It's not what happens that matters - it's how you handle it, how you think of it. We all know that glass half full person, who is constantly positive even when things aren't going well. And we all know that glass half empty person, who is constantly negative, even when things are going well.
I thought of this when I came across an excellent example, a news story of Zach Galifianakis, who created The Hangover, and how afterwards he found that as a comedian he felt intimidated by its success - how could he go out and simply observe people, now he was famous? Jerry Seinfeld, who for a decade was one of the most recognisable faces on the planet, has a different way of thinking about it: '“That’s all your perception,” he says.“The world has not changed that much because people know who you are. This whole thing that ‘I can’t observe the world now because I’m not anonymous,’ I don’t buy one bit of that. I don’t. There’s too much world.” But aren't you annoyed by the intrusion of your privacy? “Nobody’s interested," says Seinfeld. "Nobody cares. No one’s gonna watch it. I don’t see that as an incursion on my privacy or my dignity or I don’t find it rude.”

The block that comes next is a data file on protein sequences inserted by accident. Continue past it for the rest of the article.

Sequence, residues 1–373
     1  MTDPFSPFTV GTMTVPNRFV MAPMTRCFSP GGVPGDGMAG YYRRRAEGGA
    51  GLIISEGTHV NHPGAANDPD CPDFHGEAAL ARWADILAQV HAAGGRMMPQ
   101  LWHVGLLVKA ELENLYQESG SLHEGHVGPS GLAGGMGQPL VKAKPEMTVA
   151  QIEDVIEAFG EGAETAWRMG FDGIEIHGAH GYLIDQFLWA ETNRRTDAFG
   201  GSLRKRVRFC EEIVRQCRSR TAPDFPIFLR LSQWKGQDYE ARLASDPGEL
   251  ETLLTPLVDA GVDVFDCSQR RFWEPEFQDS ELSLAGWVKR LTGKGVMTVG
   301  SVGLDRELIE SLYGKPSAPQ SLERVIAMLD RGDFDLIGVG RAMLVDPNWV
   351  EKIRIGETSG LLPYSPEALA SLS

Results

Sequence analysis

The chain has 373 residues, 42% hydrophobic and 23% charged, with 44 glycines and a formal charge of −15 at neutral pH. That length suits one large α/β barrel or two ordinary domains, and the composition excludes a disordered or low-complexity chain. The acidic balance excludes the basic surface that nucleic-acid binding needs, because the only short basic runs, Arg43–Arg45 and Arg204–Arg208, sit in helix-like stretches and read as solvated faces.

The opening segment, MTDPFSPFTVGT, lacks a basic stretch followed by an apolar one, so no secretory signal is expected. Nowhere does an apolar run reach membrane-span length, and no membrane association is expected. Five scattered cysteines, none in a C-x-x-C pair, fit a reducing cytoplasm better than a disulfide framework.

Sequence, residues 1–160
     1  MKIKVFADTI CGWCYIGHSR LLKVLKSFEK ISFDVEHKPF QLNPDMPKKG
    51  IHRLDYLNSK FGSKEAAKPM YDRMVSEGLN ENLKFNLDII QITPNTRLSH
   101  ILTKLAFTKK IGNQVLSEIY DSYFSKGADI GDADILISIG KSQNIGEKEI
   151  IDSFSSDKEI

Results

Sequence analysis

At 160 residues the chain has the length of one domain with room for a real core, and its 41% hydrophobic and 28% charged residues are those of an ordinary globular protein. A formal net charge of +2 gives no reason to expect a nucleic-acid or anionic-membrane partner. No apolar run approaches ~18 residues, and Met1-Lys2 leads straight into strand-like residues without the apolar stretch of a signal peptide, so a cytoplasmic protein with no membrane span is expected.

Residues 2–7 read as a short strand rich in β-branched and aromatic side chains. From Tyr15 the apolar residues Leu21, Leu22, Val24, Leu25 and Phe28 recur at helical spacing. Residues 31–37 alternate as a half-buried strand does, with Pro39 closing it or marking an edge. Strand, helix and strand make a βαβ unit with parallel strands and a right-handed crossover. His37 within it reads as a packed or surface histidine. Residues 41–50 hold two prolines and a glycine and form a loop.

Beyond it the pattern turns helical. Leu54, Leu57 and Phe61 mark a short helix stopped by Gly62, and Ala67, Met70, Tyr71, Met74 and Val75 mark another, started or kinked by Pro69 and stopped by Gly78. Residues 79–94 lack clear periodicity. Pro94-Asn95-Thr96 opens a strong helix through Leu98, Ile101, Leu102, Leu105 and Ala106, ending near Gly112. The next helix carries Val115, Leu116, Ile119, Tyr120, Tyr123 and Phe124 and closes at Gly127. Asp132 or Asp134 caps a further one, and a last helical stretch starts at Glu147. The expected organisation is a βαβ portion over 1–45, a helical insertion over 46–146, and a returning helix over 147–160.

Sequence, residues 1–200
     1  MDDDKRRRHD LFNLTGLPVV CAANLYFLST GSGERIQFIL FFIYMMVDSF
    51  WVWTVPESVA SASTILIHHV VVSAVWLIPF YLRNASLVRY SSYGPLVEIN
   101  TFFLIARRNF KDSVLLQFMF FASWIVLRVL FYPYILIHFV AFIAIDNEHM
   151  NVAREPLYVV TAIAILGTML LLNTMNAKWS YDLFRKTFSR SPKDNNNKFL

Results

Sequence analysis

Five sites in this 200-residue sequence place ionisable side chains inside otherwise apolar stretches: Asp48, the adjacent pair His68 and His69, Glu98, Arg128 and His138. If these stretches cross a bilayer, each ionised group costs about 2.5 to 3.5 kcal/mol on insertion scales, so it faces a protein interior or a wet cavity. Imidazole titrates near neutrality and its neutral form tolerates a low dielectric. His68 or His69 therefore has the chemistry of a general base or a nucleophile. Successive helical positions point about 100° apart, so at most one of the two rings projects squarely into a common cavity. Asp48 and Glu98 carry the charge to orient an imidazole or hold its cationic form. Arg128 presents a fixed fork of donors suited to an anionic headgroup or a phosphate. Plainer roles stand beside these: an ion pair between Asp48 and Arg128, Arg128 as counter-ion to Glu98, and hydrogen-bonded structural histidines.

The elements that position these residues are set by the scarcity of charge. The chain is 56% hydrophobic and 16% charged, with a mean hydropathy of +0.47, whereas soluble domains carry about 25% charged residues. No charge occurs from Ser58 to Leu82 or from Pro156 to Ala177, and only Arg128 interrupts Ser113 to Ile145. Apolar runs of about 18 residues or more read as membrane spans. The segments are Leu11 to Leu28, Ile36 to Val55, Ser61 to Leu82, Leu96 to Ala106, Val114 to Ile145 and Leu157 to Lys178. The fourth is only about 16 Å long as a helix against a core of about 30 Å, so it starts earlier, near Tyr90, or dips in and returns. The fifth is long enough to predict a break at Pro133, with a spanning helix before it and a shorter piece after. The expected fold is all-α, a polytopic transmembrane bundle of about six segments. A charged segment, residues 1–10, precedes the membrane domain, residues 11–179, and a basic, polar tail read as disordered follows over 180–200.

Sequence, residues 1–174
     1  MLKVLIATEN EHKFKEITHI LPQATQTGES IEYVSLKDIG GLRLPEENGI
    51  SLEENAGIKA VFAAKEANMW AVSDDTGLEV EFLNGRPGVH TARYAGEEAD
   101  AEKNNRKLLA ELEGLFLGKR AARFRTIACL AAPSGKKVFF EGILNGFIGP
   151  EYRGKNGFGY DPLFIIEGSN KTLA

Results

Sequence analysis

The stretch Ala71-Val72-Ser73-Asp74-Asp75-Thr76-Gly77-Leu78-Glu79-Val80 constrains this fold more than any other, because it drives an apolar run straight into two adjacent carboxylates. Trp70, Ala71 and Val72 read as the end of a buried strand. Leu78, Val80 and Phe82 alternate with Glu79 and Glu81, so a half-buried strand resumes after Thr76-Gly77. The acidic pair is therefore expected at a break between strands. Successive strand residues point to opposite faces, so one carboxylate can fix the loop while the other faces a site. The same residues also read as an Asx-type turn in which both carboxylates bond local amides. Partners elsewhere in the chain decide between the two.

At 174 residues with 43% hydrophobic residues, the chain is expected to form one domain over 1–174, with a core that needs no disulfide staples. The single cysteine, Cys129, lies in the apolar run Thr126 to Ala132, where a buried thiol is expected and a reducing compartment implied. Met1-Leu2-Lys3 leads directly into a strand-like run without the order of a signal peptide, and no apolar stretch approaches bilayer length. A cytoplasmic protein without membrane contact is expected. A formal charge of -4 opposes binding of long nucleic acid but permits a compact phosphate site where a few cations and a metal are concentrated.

Who's right? Well, they're both right, from their point of view. If you are famous and you're upset by it, then fame is a drag and stops you doing what you want. If you're famous and you don't care, then fame is neither here nor there and certainly doesn't get in the way of you living your life. Rather than asking which is the right answer, you might instead wonder which is the more useful answer.
What attitudes do you have that aren't serving you well? Could you imagine thinking differently about things? Would that work better for you? Why not give it a try?